There are many things that clinicians, healthcare professionals, and educators can do to help the individual with ADD and his family to improve the quality of their lives. The satisfaction of participating in this process is unbelievable.
However, the biggest challenge of working with Attention Deficit Disorder is that it is so unpredictable. Just when we think that, together, we have made it over the hump–that now it’s licked–invariably (maybe it’s next week, maybe it’s next month, or maybe it is in a year or so) the bottom falls out again. A new expectation comes along and the road for the person with ADD gets bumpy again.
While we all can intellectually appreciate that ADD is a chronic, biologically-based difference that results in recurrent dysfunction, it is a whole different thing for professionals to accept this emotionally.
It is common for professionals to experience a sense of failure and feel disappointed when significant problems resurface in a patient after a sustained period of apparent normal functioning.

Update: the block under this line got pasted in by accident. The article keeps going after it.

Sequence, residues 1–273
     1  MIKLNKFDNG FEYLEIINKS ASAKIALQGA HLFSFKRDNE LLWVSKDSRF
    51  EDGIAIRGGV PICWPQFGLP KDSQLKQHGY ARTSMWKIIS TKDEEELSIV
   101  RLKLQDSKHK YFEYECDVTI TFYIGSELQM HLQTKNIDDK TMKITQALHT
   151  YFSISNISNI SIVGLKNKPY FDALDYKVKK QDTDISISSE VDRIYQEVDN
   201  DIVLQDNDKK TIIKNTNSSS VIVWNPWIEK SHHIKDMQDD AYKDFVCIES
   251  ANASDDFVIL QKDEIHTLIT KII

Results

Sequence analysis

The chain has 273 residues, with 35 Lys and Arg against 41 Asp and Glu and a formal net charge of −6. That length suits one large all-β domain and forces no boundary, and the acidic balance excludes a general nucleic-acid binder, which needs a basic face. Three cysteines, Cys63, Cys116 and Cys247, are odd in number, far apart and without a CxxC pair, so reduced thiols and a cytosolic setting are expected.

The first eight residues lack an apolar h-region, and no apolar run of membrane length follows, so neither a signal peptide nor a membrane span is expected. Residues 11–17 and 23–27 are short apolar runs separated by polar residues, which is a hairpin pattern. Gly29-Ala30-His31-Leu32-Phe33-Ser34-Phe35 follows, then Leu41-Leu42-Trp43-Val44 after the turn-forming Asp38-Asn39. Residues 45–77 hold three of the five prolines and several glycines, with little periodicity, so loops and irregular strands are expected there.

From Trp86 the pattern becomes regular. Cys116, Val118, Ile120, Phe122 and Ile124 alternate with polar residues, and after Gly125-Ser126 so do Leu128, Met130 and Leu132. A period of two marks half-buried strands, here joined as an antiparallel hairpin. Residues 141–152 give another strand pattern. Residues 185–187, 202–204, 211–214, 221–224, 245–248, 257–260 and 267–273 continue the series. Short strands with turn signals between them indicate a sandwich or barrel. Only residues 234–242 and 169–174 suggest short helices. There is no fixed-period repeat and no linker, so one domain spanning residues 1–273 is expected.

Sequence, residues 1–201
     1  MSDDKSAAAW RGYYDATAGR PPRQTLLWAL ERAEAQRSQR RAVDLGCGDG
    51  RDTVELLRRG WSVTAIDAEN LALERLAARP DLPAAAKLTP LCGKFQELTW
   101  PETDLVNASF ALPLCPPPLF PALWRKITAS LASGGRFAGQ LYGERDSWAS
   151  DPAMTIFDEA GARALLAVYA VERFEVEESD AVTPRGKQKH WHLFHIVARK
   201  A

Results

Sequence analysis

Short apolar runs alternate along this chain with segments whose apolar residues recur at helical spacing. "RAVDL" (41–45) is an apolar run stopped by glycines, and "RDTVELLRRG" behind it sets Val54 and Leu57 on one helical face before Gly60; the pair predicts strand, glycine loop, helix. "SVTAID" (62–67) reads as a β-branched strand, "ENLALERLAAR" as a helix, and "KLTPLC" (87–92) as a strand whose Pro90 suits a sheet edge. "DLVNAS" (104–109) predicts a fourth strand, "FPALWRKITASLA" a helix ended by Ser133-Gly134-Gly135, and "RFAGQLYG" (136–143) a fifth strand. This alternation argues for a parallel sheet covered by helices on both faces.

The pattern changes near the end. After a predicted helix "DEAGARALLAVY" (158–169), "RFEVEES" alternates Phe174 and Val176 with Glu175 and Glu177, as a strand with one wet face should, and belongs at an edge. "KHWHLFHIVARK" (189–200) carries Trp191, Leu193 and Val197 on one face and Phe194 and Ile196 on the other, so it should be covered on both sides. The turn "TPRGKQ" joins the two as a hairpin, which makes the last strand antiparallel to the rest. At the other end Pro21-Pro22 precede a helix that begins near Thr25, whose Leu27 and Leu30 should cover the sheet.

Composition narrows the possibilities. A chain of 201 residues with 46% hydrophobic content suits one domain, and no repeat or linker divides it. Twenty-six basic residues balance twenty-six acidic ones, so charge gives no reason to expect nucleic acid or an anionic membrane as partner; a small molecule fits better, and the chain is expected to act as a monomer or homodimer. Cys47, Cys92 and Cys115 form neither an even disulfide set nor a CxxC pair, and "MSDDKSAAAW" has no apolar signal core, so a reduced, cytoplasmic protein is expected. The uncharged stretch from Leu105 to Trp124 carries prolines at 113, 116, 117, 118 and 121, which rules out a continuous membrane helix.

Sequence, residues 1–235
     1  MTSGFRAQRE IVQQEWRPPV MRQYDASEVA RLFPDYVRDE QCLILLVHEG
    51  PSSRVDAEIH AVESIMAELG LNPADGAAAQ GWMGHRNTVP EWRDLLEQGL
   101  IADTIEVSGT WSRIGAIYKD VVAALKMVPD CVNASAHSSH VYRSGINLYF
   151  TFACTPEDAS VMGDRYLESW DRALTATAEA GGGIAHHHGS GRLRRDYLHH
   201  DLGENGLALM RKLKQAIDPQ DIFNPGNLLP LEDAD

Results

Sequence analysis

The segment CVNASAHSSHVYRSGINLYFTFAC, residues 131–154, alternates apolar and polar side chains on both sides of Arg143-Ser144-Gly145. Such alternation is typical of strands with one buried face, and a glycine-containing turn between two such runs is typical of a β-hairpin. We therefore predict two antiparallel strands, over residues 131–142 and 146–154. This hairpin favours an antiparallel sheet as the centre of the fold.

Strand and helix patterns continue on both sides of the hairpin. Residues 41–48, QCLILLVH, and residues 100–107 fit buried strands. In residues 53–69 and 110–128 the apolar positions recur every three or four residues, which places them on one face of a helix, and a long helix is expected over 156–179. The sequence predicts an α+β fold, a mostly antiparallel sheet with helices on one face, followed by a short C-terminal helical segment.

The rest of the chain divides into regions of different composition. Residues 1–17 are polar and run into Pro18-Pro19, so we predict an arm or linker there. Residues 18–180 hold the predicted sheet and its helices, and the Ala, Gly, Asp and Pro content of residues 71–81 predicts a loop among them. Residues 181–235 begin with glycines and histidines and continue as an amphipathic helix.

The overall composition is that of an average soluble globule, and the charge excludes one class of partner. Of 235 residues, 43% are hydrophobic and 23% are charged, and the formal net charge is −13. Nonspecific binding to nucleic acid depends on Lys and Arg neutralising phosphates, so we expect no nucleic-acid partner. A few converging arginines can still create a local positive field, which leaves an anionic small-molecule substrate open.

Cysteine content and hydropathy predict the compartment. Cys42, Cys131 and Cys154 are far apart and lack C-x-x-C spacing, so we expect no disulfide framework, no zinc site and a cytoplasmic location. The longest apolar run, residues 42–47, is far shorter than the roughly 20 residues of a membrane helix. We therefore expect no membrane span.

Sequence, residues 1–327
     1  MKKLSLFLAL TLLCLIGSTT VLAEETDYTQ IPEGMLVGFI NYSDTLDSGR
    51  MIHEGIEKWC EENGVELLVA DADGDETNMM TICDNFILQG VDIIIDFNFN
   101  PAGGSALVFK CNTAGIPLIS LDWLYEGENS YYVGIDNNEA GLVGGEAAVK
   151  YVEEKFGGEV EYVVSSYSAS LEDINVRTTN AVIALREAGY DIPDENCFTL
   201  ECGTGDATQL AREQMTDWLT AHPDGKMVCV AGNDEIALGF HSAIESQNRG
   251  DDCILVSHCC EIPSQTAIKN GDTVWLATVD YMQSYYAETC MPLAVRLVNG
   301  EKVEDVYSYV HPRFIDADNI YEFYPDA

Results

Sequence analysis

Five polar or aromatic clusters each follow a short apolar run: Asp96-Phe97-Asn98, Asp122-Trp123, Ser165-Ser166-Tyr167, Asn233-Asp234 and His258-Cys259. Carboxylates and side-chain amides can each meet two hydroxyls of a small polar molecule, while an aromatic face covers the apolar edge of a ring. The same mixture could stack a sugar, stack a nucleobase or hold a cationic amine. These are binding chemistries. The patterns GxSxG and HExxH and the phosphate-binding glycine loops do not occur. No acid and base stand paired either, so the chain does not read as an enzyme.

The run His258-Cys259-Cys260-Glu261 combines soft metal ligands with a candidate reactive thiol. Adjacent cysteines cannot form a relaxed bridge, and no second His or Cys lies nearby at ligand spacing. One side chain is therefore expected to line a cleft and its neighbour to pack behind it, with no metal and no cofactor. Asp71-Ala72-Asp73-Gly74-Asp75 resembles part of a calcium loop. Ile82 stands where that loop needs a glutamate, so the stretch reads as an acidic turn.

In addition to grappling with his own emotions, the clinician must face the challenge of supporting the ADD individual and his family in their coming to grips with the chronic nature of ADD. This can be particularly difficult when what everyone really wants is a simple, easy answer.
Finally, with the persistence of the problem, inevitably comes the guilt on the part of parents, teachers, and clinicians who think, “if only I had…”
Are you a doctor, clinician, educator or parent who has thought, “If only I had…”?